For her part, Putbrese is writing grants to get a digital mammography unit and portable sonography for breast ultrasound to the Tamale hospital. She is also trying to get one of their radiologists to come here and train in interventional radiology procedures. She admits that a system-wide change to patient access and affordability is desperately needed, but, she says, “I came to realize that one person can make a difference; it may be on a very small scale, but over time small changes can lead to big improvements.”

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Bryn Putbrese, MD (second from right) with colleagues in Ghana.


An Opportunity for Those Motivated

The global imaging outreach program is supported by the department, but make no mistake, it demands a motivated individual who wants to craft his or her own experience. Both Parker and Putbrese spent months investigating opportunities in various countries and making contacts with physicians who had an established collaboration or practice in these countries. They made their own arrangements for travel, lodging, and the range of experiences they were to have. The School of Medicine’s Global Health Education Program is a great source of contacts and tips for residents considering this 4th year opportunity.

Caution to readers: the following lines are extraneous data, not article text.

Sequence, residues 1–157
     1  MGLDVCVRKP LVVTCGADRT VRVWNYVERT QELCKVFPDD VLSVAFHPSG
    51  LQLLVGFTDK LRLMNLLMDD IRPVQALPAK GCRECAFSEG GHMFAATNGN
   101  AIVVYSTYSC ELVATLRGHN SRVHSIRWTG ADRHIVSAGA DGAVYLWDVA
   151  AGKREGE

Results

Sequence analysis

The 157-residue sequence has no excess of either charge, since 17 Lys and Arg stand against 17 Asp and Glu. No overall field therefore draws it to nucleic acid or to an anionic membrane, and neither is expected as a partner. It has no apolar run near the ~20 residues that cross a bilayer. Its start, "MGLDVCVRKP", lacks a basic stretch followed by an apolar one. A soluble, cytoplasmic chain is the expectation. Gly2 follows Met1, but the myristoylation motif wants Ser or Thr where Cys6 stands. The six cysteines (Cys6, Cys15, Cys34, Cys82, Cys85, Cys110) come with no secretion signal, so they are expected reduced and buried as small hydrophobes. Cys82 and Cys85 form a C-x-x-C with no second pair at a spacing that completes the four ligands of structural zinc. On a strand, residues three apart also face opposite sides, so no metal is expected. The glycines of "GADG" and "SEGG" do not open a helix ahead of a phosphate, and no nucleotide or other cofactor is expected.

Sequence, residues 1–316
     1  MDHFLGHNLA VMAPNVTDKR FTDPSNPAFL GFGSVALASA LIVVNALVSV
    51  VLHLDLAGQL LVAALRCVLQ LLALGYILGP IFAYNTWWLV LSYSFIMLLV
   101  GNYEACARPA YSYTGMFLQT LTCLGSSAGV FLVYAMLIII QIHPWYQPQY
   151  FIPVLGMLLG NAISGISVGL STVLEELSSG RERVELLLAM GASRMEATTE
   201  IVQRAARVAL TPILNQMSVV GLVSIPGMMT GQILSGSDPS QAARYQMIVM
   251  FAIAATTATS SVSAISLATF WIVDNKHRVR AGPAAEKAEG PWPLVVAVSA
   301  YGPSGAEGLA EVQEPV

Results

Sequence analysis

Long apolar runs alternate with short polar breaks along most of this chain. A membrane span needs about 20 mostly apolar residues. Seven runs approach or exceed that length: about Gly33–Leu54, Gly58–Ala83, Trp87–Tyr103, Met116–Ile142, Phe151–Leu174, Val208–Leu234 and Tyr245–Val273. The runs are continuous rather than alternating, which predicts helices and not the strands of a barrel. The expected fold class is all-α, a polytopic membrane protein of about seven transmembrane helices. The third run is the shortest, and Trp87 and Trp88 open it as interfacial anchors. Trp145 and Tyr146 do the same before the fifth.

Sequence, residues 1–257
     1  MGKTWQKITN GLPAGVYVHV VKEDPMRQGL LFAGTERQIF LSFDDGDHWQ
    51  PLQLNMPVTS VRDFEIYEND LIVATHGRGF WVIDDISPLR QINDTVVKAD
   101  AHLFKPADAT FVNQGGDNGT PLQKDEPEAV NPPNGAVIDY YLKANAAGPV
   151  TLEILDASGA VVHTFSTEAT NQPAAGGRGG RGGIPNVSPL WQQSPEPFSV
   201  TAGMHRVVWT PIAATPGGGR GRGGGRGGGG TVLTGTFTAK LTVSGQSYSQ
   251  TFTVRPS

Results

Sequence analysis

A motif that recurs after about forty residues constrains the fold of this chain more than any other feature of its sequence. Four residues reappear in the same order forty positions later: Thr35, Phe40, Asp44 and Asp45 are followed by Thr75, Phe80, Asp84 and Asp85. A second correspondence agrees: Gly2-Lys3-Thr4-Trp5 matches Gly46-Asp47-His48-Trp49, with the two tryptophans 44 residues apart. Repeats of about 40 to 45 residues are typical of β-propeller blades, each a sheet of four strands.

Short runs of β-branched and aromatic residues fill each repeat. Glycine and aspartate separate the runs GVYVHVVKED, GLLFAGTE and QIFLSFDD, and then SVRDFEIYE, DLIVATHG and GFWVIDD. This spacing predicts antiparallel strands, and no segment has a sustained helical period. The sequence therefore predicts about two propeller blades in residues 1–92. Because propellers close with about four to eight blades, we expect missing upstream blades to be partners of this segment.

Jensen recognizes the work and grit it takes to complete this global imaging outreach. He believes it speaks to the excellence of both individual physicians and the residency program. “We are proud that the skills and knowledge our trainees gain in residency allow them to have an impact in resource-poor settings, assisting in direct patient care and providing radiology education,” he says.

It’s certainly an experience both Parker and Putbrese rank highly in their professional lives. “Hands-down this was the most rewarding experience of my entire residency,” declares Parker. “People appreciated me so much – I learned a lot from being there and felt like I was doing some good.”

Putbrese has a new-found appreciation for the resources available here. “I am very grateful for the opportunity to have worked in Ghana,” she says. “Working in a third world country certainly puts things into perspective as to how lucky we are in the United States to have easy access to good medical care.”